Misha’s grandfather was not well educated, but he wrote this letter for Misha to take with her after he died.
My Dear Friend Gabriel,
It has been a long time since last we met, and I reagret having not kept in touch with you more often. I hope that this letter finds you and that you are well.
The little girl deliviring this letter is named Misha. She is my pride and joy and I ask one last favor of you as a friend to a friend. My time grows short and soon I will pass on, leaving Misha with no one to take care of her. I am asking that you take her under your wing and proveyede for her what you can. I have sent some money with the child, it isn’t much, but it is all that is left. Misha knows of her past, but you should as well.
Ate years ago, Goldie and I were out in the hills on a walk, like we had always gone on. It was just before we were to turn back and head home that we came across a wicker basket, hidden poorly by an ever green. Inside a baby girl lay sleeping, having clearly been abandonded by whomever had given birth to her. She couldn’t have been more than a week old at most. You know already that Goldie and I were never able to have children, and we couldn’t just leave the poor thing out in the hills to die. We took her home with us and named her Misha, decideing that the day we found her would be her name day.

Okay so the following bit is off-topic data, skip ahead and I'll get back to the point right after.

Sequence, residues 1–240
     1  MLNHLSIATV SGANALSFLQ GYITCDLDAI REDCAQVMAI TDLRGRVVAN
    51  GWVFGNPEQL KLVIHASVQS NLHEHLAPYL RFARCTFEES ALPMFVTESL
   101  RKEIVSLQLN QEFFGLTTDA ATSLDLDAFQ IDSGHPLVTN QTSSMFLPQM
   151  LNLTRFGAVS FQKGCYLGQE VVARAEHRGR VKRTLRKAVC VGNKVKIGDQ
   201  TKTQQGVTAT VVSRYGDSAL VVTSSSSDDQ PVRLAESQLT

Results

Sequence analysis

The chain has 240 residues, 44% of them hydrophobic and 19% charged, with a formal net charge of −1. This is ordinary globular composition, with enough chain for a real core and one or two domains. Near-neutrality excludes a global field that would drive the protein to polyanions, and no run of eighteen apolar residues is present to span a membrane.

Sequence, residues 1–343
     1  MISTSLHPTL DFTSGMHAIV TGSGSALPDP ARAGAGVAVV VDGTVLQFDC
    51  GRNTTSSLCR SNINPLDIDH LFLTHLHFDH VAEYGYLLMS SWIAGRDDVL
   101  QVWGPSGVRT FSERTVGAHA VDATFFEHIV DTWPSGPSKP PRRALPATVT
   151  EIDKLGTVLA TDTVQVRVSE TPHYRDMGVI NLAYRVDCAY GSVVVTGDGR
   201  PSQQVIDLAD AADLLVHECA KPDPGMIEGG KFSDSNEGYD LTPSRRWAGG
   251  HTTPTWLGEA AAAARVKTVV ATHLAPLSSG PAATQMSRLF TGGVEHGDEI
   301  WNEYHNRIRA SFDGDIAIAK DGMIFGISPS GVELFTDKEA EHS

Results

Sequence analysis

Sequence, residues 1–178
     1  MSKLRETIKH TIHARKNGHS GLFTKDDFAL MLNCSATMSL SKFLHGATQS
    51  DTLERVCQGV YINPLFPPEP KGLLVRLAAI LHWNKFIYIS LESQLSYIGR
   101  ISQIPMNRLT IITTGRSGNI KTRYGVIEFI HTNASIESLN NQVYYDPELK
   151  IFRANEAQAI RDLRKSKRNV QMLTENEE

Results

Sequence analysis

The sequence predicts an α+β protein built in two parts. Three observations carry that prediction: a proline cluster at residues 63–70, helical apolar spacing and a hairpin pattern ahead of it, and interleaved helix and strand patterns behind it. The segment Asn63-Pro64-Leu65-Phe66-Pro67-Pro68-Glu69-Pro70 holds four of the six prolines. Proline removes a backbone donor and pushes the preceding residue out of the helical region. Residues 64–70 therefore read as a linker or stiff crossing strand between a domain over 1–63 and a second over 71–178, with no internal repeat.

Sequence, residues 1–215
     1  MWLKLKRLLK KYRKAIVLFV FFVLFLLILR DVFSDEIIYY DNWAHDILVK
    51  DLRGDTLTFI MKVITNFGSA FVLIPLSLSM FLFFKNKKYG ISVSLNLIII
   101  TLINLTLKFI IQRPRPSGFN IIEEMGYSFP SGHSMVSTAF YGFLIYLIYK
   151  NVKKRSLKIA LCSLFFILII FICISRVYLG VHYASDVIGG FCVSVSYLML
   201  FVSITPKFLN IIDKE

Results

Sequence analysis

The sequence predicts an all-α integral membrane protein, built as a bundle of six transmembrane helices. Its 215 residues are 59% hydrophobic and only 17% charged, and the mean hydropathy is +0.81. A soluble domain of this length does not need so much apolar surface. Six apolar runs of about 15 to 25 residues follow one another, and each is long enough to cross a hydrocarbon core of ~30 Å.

Goldie died when Misha was five and I was left to raise her on my own. When she was six, very nearly seven, she came across an abandonded wolf pup and brought her home, naming the wolf Kilala. I let her keep the wolf, knocking it would make her happy. Thus, making the animal by her side now, the same as I have just mentioned. Kilala is loyal to Misha through and through and I ask that the two of you try to pass her off as a dog rather than a wolf. You and I both know how city folk can get around animals they think to be wild.
Misha knows how to read and write, but not as much as I would like. My own edumation being so little, there is only so much I could teach her. Yet, she can sew, cook, clean, garden, and even do some minor hunting and tracking. I taught her all I could and sadly can teach her no more. My hope is that she can work for a seam stress or in some other line of work where she will not be bothereded by hungry lecherous men such as we once used to be. I wish only for my little Misha’s happiness and emplore you to do everyting you can for her. She deseerves only the best.
Take care of yourself my friend. We shall see one another again, when the Wheel weeaves us back into the pattern once more.